Overlap Filter: On. This further smoothes the edges of blocks. It can reduce detail a little at high bitrates, but is almost always helpful at typical web bitrates.
B-Frame Number: 1. Turns on B-frames, and hence enables flash/fade detection when using Lookahead or 2-pass encoding, and also improves compression efficiency.
Lookahead: 16. Tells the codec to buffer ahead 16 frames in 1-pass (CBR or VBR) encoding, letting the codec detect flash frames and fades and switch the frame type based on it. Maps to the “Scene Change Detection” option in Expression Encoder. It will increase end-to-end latency by that many frames in live encoding, but is generally worth it due to quality improvements.
Assuming you have a fast enough machine to run these settings in at least Complexity 3, they will improve the live experience.
Motion Search Level: Fixed Integer Chroma. This adds basic chroma search to the encoding, which can help the quality of motion graphics significantly. It’s a pretty small boost with more typical camera-shot content, so turn it off if you have perf issues; getting to Complexity 3 is more important.
Motion Search Range: Adaptive. This tells the encoder to switch to a bigger motion search range for frames with high motion, and then go back to a smaller range when motion dies down. This dramatically improves quality with higher motion at bigger frame sizes. The default range is 64 pixels left/right and 32 pixels up/down, so if any objects move more than that between any two P-frames (if you’re using B-frames, that’ll be 2 frames apart), than this feature will help.
These settings offer maximum quality for offline encoding, and are slower yet. Use them when you’ve got the time, and run at Complexity 4. Complexity 5 ignores the Motion Search Level and Motion Match Method settings, making it lower quality. The only time you need to use Complexity 5 is if you can’t set registry keys (in which case it’s quite a bit better) or need to use WME to scale your video, as scaling quality is much better in Complexity 5. However, you’re better off preprocessing in another tool if at all possible.
Motion Search Level: Fixed True Chroma. This is a full-precision motion search for chroma. It never hurts, and can help quality a lot with motion graphics and animation.
Motion Match Method: Adaptive. This switches between the Sum of Absolute Differences (SAD) and the Hadamard method to compare motion between frames as appropriate for each macroblock. Full Hadamard can be higher quality for some very complex content, but the Adaptive mode is faster and better most of the time.
WME’s preprocessing was designed for good live encoding performance on circa 2002 machines, which means it’s tuned far more for speed than quality. In particular, deinterlacing and scaling aren’t very good (to say the least). So if you’re using WME with a hardware capture card like an Osprey, you’ll get better results doing all the preprocessing on the card, and just passing the final scaled, cropped, deinterlaced YV12 bitmaps off to WME. This also saves some additional CPU cycles for the codec. For file-to-file encoding, you also want to do any deinterlacing and scaling before you import the file into WME. Expression Encoder has great scaling and good deinterlacing, so that’s another reason to use it over WME.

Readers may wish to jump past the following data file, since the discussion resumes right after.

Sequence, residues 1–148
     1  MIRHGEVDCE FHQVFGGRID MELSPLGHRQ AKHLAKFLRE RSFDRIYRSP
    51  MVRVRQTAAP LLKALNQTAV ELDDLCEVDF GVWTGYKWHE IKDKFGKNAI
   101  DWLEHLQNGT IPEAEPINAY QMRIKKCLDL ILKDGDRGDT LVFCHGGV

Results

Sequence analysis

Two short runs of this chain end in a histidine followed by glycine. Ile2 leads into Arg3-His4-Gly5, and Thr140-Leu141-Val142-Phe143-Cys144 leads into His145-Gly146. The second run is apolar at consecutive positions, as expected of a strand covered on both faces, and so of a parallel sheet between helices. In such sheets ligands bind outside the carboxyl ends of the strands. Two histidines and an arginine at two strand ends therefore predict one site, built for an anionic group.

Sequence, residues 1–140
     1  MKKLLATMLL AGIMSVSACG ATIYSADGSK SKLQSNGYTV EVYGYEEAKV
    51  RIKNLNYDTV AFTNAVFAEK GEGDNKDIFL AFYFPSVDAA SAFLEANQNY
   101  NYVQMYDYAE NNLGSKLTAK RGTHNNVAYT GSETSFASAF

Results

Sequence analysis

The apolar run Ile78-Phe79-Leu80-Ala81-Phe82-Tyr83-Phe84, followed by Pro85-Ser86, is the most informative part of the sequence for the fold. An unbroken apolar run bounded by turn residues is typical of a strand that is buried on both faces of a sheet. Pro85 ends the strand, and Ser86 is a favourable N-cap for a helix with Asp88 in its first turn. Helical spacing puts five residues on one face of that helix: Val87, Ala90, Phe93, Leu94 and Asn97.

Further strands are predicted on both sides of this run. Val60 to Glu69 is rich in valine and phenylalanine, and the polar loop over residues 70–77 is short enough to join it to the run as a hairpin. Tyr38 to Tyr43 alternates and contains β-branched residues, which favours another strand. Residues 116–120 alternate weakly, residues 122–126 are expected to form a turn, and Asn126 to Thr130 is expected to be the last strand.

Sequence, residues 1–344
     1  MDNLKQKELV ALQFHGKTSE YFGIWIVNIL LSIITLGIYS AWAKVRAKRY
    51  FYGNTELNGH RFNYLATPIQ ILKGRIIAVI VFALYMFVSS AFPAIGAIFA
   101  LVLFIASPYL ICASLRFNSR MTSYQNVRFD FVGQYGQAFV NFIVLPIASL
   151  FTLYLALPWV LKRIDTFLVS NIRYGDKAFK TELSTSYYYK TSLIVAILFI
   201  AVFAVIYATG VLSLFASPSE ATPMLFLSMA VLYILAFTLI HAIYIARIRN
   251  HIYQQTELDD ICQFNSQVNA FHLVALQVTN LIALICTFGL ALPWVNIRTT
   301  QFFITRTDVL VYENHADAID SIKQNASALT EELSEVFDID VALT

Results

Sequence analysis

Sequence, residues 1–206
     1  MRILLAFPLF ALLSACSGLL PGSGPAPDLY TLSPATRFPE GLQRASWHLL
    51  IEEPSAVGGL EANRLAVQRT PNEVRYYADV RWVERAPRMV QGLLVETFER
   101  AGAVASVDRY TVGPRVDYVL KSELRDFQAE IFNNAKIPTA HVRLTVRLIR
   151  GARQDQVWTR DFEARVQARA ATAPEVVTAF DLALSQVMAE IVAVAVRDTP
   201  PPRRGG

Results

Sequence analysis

If WMP 9 is all you have on your encoder because that’s all there was when you configured it, you’re going to be running on some very old and very slow hardware! Bear in mind that Moore’s Law predicts you can get twice the computer for your dollar every 18 months or so. So today’s best machines will have about 16x the encoding horsepower of what you could have had when WME was released!
When tuning hardware, the goal is to enable higher encoder complexity values to be used. Your target is at least complexity of 3; that’s most of the way towards optimal quality; lower values sacrifice a quite a bit of quality for improved speed, while higher values sacrifice a lot of speed for only a little additional quality improvement. Complexity 4 is optimum when time/performance isn’t a concern. As mentioned above, Complexity 5 in FSDK 11 invalidates some registry keys (not an issue with VC-1 Encoder SDK).
For live encoding, the best way to test is to run the encode using real-world sources and make sure you’re not dropping frames at your target frame size. You’ll want to set Video Smoothness to 0 for this test to make sure frames aren’t being dropped for quality reasons instead of performance reasons.
Since the encoder is 4-way threaded, you want to be on at least a 4-core machine. These are dirt cheap these days, with affordable 4-core laptops coming soon. Generally speaking, a 4-core is a lot faster than a 2-core at a slightly faster clock speed.
Clock speed is a big factor as well, but it only matters in context to the generation of processors. For example, the new Intel i7 “Nehalem” get a whole lot more work done at 3 GHz than the original P4 “NetBurst” CPUs did at 3 GHz.
Memory isn’t a big factor in encoding, as long as you have enough. You never want an encoder to start swapping, as performance will fall through the floor. 2 GB should be plenty for a dedicated encoder, even doing HD encoding.
If you’re encoding to higher resolutions and just can’t hit the performance you need at a sufficient quality, check out the Tarari Encoder Accelerator. This offloads a number of the computationally intensive parts of compression to a PCI-X board. While it can’t produce the absolutely best quality a tweaked Complexity 4 + registry key software encode can, it can certainly deliver much higher quality for live HD than pure software, particularly on older computers.
The Tarari board is also fully supported by VC-1 Encoder SDK products, so your investment isn’t tied to a FSDK workflow.
So, that’s how to get best results out of legacy Format SDK encoders, particularly WME. But really, it’s time to start planning a migration to a VC-1 Encoder SDK based encoder. If there’s something you need that they simply don’t provide, please let me know. Future improvements in VC-1 and Windows Media encoding are going to focus on the SDK, so the gap between Windows Media Encoder and the best encoders is going to be growing bigger over time.
And just so they don’t disappear off the bottom of the blog, here are my blog posts about WME and the FSDK 11 codecs that readers may still find useful: